Monday 21 October 2019 2:59 pm

French win can spark resurgence for Nicolas Colsaerts

Until Sunday, Nicolas Colsaerts had not won anywhere for seven years, since beating Graeme McDowell to win the Volvo Match Play Championship in May 2012.

A few months later the Belgian would make his Ryder Cup debut, holing eight birdies and an eagle in an amazing fourball in the week that Europe pulled off the Miracle at Medinah.

His subsequent drought meant he arrived in Paris last week as world No424, but he is back in the winner’s circle at last after a fantastic triumph at the Open de France.

Read more: Ian Poulter on his end of season hopes and Ryder Cup ambitions

Colsaerts led by three overnight and went five ahead before the turn but had to come through a turbulent back nine in which he, Joachim B Hansen and George Coetzee all held the upper hand at various points.

The key moment came at the par five 14th, where he chipped in a very difficult eagle chance. It was an exquisite shot, especially for someone whose chipping has received some criticism in the past.

He ran into trouble with a double bogey at the next but closed with three pars – including a very courageous effort at 18, one of golf’s toughest finishes – and that proved to be enough.

Rolex Series events can boost Ryder Cup hopes

This win alleviates any concerns Colsaerts had about losing his European Tour card, which was in doubt.

It is tough out there and even great golfers can find it difficult to keep the titles coming – and in some cases to retain their playing privileges.

Victory in France will transform his life again and could be the lift that he needs to return to the heights of a few years ago.

He is a prodigious hitter and a beautiful putter. Now he is resurgent, let’s see where it takes him.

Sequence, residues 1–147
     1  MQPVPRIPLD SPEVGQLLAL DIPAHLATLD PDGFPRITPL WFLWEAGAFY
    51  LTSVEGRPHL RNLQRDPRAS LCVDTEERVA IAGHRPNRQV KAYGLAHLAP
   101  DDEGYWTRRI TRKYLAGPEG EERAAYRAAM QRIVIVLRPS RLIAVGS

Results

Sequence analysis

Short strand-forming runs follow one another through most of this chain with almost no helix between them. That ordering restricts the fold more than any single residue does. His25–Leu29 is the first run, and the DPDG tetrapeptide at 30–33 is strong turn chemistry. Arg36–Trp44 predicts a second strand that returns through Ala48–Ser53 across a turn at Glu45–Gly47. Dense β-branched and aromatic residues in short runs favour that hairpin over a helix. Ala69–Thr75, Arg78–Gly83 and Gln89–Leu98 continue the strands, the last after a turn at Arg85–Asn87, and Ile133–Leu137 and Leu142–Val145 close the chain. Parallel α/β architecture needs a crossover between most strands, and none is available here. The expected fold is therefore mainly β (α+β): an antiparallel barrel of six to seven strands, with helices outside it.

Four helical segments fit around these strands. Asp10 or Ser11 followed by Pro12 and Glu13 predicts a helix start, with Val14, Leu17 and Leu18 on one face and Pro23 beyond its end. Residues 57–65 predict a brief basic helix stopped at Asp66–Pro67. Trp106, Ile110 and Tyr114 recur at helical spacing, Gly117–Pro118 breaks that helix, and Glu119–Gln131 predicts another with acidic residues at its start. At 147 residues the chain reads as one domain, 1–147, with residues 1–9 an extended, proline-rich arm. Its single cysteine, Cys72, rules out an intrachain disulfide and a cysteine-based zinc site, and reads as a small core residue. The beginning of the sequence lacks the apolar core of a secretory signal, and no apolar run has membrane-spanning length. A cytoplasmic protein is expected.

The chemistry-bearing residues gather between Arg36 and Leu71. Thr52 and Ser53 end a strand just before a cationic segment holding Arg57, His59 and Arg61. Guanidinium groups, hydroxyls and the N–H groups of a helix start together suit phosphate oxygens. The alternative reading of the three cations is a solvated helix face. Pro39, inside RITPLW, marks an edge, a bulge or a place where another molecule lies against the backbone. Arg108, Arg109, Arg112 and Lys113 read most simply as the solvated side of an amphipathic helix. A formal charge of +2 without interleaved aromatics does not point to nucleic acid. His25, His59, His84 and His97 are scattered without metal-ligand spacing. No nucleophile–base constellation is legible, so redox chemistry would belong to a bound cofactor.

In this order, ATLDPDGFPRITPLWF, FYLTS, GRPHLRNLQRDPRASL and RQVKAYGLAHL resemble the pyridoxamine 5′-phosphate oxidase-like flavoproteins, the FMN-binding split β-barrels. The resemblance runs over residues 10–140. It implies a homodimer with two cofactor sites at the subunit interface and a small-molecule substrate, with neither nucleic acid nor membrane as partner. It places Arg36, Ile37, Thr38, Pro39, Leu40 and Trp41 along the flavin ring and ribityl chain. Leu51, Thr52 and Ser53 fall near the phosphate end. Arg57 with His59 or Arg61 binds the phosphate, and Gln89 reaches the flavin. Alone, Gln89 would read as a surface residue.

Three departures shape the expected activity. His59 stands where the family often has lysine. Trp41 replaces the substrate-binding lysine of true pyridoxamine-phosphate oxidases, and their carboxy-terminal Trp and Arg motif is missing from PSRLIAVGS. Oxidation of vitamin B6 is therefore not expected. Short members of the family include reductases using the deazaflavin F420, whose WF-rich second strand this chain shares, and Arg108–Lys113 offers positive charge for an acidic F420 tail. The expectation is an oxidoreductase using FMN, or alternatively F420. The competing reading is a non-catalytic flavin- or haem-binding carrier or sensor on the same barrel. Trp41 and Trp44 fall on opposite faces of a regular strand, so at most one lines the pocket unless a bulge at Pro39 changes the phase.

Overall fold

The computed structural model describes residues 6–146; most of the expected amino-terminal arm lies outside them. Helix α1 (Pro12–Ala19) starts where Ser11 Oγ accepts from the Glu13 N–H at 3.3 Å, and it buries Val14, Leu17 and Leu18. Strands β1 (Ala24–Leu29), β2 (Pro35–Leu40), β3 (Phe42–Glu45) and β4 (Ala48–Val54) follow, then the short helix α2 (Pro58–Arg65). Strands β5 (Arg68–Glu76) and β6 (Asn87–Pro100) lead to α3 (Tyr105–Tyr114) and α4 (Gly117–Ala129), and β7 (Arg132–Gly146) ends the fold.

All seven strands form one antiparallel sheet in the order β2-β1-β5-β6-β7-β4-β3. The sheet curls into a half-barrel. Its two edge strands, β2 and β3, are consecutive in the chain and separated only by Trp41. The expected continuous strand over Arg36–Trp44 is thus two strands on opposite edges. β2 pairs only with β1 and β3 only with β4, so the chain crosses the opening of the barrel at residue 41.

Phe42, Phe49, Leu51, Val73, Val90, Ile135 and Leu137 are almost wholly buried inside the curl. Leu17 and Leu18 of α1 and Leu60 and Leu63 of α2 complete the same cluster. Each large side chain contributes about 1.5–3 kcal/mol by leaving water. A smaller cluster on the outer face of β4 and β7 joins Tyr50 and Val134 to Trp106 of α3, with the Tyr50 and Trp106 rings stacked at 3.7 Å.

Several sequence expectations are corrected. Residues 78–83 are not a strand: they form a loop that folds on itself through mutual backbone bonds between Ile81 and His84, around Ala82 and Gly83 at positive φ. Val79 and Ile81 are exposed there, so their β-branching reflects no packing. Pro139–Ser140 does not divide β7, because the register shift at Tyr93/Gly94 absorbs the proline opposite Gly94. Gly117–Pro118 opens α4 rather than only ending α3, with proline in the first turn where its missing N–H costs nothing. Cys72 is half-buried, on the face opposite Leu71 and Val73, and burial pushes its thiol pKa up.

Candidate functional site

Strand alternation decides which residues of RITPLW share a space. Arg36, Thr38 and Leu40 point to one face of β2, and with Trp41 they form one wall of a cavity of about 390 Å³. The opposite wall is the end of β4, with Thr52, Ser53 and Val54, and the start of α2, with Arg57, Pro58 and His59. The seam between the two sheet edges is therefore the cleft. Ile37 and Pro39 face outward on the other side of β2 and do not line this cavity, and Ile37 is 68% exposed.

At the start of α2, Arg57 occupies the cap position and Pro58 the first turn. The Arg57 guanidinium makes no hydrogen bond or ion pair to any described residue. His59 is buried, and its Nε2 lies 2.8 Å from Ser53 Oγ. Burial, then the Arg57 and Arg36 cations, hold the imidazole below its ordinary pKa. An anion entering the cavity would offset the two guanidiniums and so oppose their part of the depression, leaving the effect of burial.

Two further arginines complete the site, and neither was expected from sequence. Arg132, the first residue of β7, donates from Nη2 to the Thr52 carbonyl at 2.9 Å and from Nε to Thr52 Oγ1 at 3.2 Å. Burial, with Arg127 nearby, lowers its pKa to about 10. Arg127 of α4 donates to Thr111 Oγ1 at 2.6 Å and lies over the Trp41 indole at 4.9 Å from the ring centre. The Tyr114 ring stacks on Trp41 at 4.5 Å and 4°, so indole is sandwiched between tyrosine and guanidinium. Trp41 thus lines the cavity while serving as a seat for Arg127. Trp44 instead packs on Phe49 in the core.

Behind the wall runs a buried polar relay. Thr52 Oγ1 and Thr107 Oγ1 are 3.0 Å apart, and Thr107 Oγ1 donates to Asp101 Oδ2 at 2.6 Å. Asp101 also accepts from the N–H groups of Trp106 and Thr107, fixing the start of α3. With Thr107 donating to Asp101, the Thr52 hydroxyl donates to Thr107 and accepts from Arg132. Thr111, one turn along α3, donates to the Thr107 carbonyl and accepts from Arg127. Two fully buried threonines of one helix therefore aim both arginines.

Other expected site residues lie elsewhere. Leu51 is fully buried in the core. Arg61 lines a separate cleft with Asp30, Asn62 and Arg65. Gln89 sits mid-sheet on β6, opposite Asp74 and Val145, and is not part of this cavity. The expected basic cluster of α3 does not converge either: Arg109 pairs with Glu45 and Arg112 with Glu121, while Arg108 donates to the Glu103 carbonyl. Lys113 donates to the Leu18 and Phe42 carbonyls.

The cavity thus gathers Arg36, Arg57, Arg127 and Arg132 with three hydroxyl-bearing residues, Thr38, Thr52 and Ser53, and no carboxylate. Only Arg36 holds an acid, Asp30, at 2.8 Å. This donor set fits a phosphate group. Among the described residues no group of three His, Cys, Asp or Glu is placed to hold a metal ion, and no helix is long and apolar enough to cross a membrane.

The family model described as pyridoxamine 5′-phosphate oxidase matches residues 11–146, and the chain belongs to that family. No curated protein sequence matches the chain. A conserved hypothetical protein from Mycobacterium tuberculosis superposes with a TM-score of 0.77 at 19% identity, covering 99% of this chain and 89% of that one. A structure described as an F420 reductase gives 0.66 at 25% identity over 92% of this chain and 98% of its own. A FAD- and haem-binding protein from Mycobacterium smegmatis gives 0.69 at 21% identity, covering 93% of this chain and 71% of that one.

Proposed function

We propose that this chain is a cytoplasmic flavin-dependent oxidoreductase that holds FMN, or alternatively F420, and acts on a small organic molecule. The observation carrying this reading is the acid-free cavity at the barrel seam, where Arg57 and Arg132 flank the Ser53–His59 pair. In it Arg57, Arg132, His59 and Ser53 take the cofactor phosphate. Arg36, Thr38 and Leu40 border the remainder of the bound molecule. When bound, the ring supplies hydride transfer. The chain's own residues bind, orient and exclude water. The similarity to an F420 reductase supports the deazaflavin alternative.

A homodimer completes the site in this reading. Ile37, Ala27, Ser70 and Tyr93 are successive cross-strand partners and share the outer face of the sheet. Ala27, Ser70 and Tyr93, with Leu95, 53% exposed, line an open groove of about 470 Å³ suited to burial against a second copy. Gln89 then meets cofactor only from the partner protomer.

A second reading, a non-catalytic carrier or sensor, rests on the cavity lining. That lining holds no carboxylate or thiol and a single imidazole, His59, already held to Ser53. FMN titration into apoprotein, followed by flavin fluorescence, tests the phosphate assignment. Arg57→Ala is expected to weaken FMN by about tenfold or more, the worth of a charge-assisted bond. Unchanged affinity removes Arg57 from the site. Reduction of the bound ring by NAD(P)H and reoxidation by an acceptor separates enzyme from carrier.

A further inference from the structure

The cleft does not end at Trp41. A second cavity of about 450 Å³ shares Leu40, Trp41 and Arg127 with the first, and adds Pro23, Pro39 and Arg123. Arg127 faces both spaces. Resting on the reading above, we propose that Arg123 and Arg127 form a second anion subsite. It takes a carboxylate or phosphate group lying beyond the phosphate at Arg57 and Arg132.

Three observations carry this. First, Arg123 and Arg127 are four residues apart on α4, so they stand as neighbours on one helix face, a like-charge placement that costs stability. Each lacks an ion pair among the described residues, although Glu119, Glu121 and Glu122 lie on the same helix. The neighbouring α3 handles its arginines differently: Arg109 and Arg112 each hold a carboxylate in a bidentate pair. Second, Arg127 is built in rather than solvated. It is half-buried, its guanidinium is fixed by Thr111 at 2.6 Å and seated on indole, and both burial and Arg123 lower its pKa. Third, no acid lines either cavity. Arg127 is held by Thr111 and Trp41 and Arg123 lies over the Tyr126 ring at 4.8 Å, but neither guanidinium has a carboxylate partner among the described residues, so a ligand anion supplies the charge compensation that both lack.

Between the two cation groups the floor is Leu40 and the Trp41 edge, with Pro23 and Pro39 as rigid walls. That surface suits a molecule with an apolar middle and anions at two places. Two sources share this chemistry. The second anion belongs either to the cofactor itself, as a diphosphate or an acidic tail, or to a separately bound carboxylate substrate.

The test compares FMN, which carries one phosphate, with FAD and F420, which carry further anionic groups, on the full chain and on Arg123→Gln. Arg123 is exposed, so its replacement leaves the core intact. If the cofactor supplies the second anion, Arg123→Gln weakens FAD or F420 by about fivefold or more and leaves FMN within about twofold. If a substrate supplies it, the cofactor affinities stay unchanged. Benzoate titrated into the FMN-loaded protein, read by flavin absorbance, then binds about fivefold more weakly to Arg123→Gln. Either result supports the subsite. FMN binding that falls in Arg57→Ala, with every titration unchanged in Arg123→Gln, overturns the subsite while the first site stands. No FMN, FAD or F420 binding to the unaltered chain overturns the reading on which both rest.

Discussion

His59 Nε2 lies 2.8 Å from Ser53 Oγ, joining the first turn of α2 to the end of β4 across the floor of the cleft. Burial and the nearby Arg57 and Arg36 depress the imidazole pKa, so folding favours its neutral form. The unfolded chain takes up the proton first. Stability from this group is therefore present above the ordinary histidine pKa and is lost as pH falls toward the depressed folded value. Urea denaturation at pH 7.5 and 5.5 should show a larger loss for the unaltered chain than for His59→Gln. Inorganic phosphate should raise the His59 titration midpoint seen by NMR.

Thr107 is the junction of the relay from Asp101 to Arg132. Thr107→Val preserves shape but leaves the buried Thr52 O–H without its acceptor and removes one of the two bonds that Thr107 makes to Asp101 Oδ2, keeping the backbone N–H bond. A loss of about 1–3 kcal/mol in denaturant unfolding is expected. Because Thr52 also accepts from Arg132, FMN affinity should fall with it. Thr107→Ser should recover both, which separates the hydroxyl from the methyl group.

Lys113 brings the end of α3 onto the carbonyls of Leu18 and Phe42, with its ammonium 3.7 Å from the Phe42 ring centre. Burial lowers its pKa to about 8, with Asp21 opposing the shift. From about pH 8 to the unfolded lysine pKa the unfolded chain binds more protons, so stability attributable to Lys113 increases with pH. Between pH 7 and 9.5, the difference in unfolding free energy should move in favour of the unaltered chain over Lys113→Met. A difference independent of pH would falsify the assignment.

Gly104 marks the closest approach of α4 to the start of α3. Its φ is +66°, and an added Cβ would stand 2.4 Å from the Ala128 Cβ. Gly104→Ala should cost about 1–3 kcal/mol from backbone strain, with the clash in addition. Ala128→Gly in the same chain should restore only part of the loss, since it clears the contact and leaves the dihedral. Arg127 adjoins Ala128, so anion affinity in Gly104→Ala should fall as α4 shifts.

MEDINAH, IL - SEPTEMBER 30:  European team captain Jose Maria Olazabal poses with Nicolas Colsaerts and the Ryder Cup after Europe defeated the USA 14.5 to 13.5 to retain the Ryder Cup during the Singles Matches for The 39th Ryder Cup at Medinah Country Club on September 30, 2012 in Medinah, Illinois.  (Photo by Ross Kinnaird/Getty Images)
Colsaerts was part of the European team who won the 2012 Ryder Cup in breathtaking style. Credit: Getty

Then there is the Ryder Cup. Colsaerts hasn’t made the European team since 2012 and, while next year’s contest is still a long way off, he has made a fabulous start to qualifying.

It will help his Ryder Cup hopes that he is down to play in the next big-money Rolex Series event, the Turkish Airlines Open, and back in with a chance of making the season-ending DP World Tour Championship.

Improving Hansen ready to take next step

Last year’s Challenge Tour No1 Hansen, meanwhile, continued the good form that has secured his place on the tour for another year.

The Dane made four birdies in six holes after the turn to go in front at Le Golf National before a double bogey at 17 messed up his chances.

He will take the positives from the week, though, and his next step will surely be to win a first European Tour tournament.

There’s no doubting prolific Thomas

One man who is no stranger to winning is Justin Thomas, who was back in familiar territory in many senses at the CJ Cup on Sunday.

Justin Thomas of the US putts on the 18th hole during the final round of the CJ Cup golf tournament at Nine Bridges golf club in Jeju Island on October 20, 2019. (Photo by Jung Yeon-je / AFP) (Photo by JUNG YEON-JE/AFP via Getty Images)
Thomas now has a peerless 10 PGA Tour wins in the last three years. Credit: Getty

Thomas held off Danny Lee to win the event in South Korea for a second time and make it 10 PGA Tour victories in three years – a record that not even Dustin Johnson or Brooks Koepka can match.

The American is back up to fourth in the world and the 2017 US PGA champion is not going anywhere.

Thomas is really, really good, still only 26 and will be challenging for more Majors next year.

Main image credit: Getty